1974 U.S. Open Winner and Scores

The 1974 U.S. Open was the 74th time the tournament was played. And this one is remembered less as the site of Hale Irwin's first major championship victory than for the difficulty of the Winged Foot setup — difficulty that earned the tournament the nickname "The Massacre at Winged Foot."

Winner: Hale Irwin, 287

Where it was played: Winged Foot Golf Club in Mamaroneck, New York

Tournament dates: June 13-16, 1974

Leader after first round: Gary Player, 70

Leader after second round: Gary Player, Hale Irwin, Arnold Palmer and Raymond Floyd, 143

Leader after third round: Tom Watson, 213

What Happened at the 1974 U.S. Open

The so-called "Massacre at Winged Foot" happened this year with a winning score of 7-over par. Did the USGA set up Winged Foot with extremely thick rough and lightning-fast greens because one year earlier Johnny Miller scorched the final round of the 1973 U.S. Open with a 63? Many of the golfers in this tournament thought so: It was the USGA making sure nobody would do that again.

The winner — the survivor — was Hale Irwin. Irwin carded a 73 in Round 4 that was good enough because Tom Watson, the third-round leader, collapsed with a 79. This was the first of three U.S. Open wins for Irwin, who established here his reputation for playing well on the toughest courses.

The story on Day 1 was just how tough the golf course was, something driven home when Jack Nicklaus putted off the first green — news of which rippled across the golf course and through the locker room like news of a lurking bogeyman.

Nobody broke par in the first round, one of a dozen or so times in the U.S. Open's post-World War II history there were no sub-par scores for a round. Gary Player was the only golfer to match par, and that 70 gave him a one-stroke lead. Only 23 of the 150 golfers in the field scored better than 75; 44 of those golfers shot 80 or higher.

On Day 2, one golfer, Hubert Green, went as low as 67, and 38 golfers did better than 75. So the scoring did improve a bit. The very impressive quartet of Player, Arnold Palmer, Raymond Floyd and Irwin (who, at that time, had only two wins on the PGA Tour) shared the second-round lead.

Player had a good front nine on the third day, but skied to a 41 on the back nine and fell out of contention. But Palmer stayed in it with a 73, ranking third after Round 3.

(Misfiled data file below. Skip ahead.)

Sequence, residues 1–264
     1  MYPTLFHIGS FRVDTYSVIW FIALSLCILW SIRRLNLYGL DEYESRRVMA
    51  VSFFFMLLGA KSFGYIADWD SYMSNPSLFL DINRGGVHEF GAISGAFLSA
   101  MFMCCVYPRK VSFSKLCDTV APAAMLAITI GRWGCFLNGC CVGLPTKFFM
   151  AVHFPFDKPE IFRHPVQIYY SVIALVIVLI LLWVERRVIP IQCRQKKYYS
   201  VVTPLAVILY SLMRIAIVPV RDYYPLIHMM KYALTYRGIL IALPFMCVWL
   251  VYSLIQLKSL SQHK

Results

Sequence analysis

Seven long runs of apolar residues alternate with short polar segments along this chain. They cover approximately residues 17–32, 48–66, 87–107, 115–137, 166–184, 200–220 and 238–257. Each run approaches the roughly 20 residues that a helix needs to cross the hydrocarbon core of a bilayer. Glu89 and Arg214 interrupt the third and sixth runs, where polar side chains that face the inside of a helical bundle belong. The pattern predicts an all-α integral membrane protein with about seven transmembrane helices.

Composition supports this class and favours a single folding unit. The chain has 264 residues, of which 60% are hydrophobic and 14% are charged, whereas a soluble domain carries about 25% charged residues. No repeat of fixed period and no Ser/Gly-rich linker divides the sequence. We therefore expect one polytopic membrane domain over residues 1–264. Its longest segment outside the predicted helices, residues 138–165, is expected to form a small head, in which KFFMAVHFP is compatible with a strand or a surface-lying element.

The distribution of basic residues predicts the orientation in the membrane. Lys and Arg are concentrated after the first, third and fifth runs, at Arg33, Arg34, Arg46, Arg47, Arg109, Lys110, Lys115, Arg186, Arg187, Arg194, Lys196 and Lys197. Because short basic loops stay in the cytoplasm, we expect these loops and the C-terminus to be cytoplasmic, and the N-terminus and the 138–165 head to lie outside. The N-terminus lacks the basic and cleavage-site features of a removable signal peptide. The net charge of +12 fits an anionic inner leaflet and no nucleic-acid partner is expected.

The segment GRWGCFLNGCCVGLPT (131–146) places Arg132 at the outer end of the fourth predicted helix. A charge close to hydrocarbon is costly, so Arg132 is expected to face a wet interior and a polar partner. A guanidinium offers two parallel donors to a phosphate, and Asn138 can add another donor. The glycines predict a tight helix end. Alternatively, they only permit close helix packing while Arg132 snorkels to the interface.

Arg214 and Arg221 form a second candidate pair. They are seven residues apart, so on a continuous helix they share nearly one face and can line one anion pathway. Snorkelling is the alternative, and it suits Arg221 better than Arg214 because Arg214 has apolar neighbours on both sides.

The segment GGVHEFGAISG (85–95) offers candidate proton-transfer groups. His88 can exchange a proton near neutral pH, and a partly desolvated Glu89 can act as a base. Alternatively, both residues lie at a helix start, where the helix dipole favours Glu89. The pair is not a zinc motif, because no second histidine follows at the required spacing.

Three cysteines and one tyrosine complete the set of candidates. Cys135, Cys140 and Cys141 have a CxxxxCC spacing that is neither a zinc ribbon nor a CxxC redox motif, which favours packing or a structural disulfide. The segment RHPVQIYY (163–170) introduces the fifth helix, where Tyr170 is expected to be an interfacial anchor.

The new leader at that point was Tom Watson, who had not yet won a tour event. Watson shot 69 in the third round to lead second-place Irwin (71) by one stroke going into the final round.

Palmer fell away early in the final round, starting with a three-putt from 12 feet on the second hole. Watson needed long par-savers early in the round to hang on, but Irwin tied him on the fifth hole. On the ninth hole, Irwin sank a 35-foot birdie to take the lead, and never gave it up.

Watson started the back nine one behind Irwin, but fell apart over the final nine holes. He finished with a 79 and fell to fifth place. (But Watson got his first PGA Tour win a couple weeks later.)

Irwin bogeyed four of the first seven holes on the back nine, but stabilized enough to finish with two pars. He finished at 2-over 287, two strokes ahead of runner-up Forrest Fezler. Palmer finished tied for fifth, Player tied for eighth, and Jack Nicklaus shot a 69 in the final round to move up to 10th.

Irwin went on to win the 1979 U.S. Open and 1990 U.S. Open, too. This was the final major championship played by 1964 U.S. Open winner Ken Venturi, who missed the cut.

1974 U.S. Open Scores

Hale Irwin 73-70-71-73—287
Forrest Fezler 75-70-74-70—289
Lou Graham 71-75-74-70—290
Bert Yancey 76-69-73-72—290
Arnold Palmer 73-70-73-76—292
Jim Colbert 72-77-69-74—292
Tom Watson 73-71-69-79—292
Gary Player 70-73-77-73—293
Tom Kite 74-70-77-72—293
Jack Nicklaus 75-74-76-69—294
Bud Allin 76-71-74-73—294
John Mahaffey 74-73-75-73—295
Frank Beard 77-69-72-77—295
Larry Ziegler 78-68-78-71—295
Mike Reasor 71-76-76-73—296
Tom Weiskopf 76-73-72-75—296
Raymond Floyd 72-71-78-75—296
David Graham 73-75-76-73—297
Dale Douglass 77-72-72-76—297
Al Geiberger 75-76-78-68—297
Leonard Thompson 75-75-76-72—298
J.C. Snead 76-71-76-75—298
Larry Hinson 75-76-75-73—299
Bruce Crampton 72-77-76-74—299
Bobby Mitchell 77-73-73-76—299
Lanny Wadkins 75-73-76-76—300
Chi Chi Rodriguez 75-75-77-73—300
Jim Jamieson 77-73-75-75—300
Hubert Green 81-67-76-76—300
David Glenz 76-74-75-76—301
Rod Funseth 73-75-78-75—301
Jerry McGee 77-72-78-74—301
Ron Cerrudo 78-75-75-73—301
Rik Massengale 79-72-74-76—301
Don Iverson 74-77-76-75—302
Johnny Miller 76-75-74-77—302
Bob E. Smith 77-74-73-78—302
Steve Melnyk 74-79-73-76—302
John Buczek 73-73-83-73—302
Mark Hayes 73-77-76-77—303
Dave Eichelberger 76-77-76-74—303
Kermit Zarley 74-73-78-78—303
Homero Blancas 77-71-79-76—303
Dave Stockton 79-74-78-72—303
Bob Stone 75-74-77-78—304
Tom Ulozas 77-75-74-78—304
Jerry Heard 73-77-75-79—304
Jim Dent 76-73-79-76—304
Lynn Janson 77-74-77-77—305
Bobby Nichols 72-77-80-76—305
George Knudson 78-75-75-78—306
Jim Masserio 75-75-76-80—306
Mike McCullough 76-76-74-80—306
Alan Tapie 77-74-77-79—307
Bob Zender 77-73-79-78—307
a-Jay Haas 78-73-79-77—307
Barney Thompson 72-77-80-78—307
Jack Rule 78-75-73-81—307
Eddie Pearce 75-71-84-78—308
Charles Sifford 77-76-76-80—309
Tom Shaw 77-76-78-81—312
Jim Simons 77-72-81-83—313
Roy Pace 74-76-78-85—313
a-Bill Hyndman 79-72-82-81—314
a-Andy Bean 74-76-83-81—314
Bruce Summerhays 77-76-79-83—315

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